The philosopher Seneca tells us: "Be silent as to services you have rendered, but speak of favours you have received."
I try to stick to that, but recently I suffered an indignity that has made me want to shout about all the services that deputy heads like me perform. So will you allow me this short lapse in my moral code, please?
A short while ago I was asked to stand in for the head. At our school it is often essential for me, or the other deputy head, or our director of operations, to hold the fort - no mean feat in a school of 1,900 students and 240 staff. Indeed, filling in for the head is one of the key parts of my role, and is clearly stated in my job description.
I still remember the first time I was left in charge when I was an assistant head in another large school down the road. I could hear the strains of that Carly Simon song, Let the River Run, which plays in the film Working Girl as Melanie Griffith, having made it into big business, sits in her own office surveying her empire.
That was eight years ago. I have, since then, acted as head in three schools, at staff and governors' meetings, assemblies, community meetings, partnership conferences and national conventions.
I represent the eastern region of the Association of School and College Leaders (ASCL), along with another elected colleague, attending the national council every term. It is a service I enjoy immensely, and I am valued significantly by the association, particularly because of my position and my gender. Compared to the its membership demographic, women at assistant head and deputy head level are under-represented on the ASCL's council.
So what has rattled my cage?
Just a few weeks back, our head was invited to a regional consultation of heads of sports-specialist colleges by an association linked to sports specialism, which arranges meetings and dinners from time to time. The head, engaged elsewhere, requested that I attend in his place as I am the link manager for the specialism - and I am his deputy.
When the association was informed of the change of personnel, it sent me an email insisting the event was best attended by headteachers or principals.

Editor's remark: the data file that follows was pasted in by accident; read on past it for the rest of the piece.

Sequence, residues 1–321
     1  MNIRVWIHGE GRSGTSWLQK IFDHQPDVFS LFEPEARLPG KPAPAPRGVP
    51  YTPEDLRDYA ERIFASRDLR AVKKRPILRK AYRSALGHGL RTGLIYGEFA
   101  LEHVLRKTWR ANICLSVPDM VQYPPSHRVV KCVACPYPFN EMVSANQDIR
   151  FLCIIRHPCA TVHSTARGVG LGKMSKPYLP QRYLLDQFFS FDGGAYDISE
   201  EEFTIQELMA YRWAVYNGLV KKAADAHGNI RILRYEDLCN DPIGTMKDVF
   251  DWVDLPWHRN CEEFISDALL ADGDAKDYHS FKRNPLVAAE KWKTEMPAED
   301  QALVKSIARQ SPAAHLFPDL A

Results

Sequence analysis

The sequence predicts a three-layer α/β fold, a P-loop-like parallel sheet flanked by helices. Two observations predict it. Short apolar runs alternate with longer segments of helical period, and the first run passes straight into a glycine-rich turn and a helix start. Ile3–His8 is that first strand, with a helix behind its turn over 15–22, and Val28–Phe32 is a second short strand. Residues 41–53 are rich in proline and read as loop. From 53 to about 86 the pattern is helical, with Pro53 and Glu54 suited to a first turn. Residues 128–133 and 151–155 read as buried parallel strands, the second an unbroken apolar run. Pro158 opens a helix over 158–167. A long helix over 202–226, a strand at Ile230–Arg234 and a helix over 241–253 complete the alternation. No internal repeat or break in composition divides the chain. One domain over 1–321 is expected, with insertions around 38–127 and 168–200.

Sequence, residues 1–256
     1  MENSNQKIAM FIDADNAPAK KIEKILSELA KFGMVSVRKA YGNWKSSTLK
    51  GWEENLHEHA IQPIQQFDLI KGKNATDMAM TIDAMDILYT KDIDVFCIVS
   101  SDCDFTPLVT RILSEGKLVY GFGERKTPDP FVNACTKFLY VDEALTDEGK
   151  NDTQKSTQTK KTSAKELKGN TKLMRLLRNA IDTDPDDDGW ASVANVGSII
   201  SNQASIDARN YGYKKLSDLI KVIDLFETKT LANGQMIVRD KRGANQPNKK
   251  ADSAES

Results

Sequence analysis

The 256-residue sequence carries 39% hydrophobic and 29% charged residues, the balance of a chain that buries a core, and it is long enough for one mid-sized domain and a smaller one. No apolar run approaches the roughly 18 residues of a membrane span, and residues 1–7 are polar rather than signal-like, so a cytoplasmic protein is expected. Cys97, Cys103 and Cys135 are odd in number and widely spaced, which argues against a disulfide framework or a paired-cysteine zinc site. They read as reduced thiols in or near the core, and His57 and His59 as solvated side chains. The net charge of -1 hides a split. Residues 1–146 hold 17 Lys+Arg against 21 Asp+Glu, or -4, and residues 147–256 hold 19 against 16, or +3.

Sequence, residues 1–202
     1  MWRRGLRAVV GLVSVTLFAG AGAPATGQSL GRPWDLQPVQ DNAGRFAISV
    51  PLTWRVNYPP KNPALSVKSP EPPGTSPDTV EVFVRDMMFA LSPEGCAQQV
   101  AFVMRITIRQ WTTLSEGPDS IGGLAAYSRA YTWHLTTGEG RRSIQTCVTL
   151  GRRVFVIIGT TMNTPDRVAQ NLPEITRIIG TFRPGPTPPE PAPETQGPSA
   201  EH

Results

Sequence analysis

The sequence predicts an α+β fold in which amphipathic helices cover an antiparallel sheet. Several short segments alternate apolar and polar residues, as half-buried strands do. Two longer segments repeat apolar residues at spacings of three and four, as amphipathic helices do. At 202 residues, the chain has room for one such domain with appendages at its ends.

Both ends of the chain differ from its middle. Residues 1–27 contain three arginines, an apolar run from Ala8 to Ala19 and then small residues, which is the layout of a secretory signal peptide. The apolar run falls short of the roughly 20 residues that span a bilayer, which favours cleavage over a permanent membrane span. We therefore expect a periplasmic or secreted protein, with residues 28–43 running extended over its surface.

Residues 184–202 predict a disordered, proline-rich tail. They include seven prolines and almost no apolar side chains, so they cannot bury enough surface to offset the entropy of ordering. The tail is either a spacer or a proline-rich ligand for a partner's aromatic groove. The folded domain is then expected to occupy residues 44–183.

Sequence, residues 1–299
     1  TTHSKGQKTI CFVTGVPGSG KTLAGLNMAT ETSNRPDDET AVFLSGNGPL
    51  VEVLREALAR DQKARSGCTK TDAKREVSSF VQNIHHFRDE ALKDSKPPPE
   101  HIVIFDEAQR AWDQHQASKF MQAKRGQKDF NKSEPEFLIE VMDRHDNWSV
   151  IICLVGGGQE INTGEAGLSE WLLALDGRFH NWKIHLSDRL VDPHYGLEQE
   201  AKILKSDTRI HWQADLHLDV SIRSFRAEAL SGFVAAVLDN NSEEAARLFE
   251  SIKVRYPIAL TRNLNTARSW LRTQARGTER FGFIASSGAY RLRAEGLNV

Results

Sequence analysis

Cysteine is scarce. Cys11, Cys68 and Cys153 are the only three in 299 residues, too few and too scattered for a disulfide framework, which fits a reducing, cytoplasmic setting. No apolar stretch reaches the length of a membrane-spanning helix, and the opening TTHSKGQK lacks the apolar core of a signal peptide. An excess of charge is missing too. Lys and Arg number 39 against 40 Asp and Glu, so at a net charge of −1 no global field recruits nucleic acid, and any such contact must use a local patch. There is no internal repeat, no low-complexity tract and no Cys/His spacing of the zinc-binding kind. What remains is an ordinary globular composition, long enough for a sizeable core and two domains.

To quote the email: "The discussions are aimed at headteachers and in the past when deputy or other members of staff have attended, they have struggled to engage and participate in the discussions due to the strategic and 'whole school level' nature of the message and debates."
Yes, it used the word "struggled". Thank goodness I did not tell them I was blonde as well!
Surely, in most large secondary schools now there is an embedded system of distributed leadership, team work and succession planning that means even the lowly assistant head has a fair idea of what RAISEonline is telling us, or what the mission statement is of the school in which they serve?
At our recent successful Ofsted inspection, one assistant head with ethos responsibility spent four hours with the inspectors on safeguarding, community cohesion and inclusion; another led the debate on our 450-strong sixth-form and another broke down all manner of performance, demographic, attendance and finance data requested by the inspection team.
What hope do we have of filling the yawning gap of headteachers in education, without some sensitive developmental planning in our own schools and an overhaul of entrenched ideas in our professional organisations?
I am attending the sporting network's dine-and-discuss on behalf of the head. He wrote what he described as an "incandescent" email back, telling the organisation of his outrage and demanding a change of decision. He received a contrite response, which apologised profusely for doubting his decision making about who was capable of standing in for him at such an event.
I received no correspondence at all. Vive la difference ...
Di Beddow is deputy head of Hinchingbrooke School in Huntingdon, Cambridgeshire.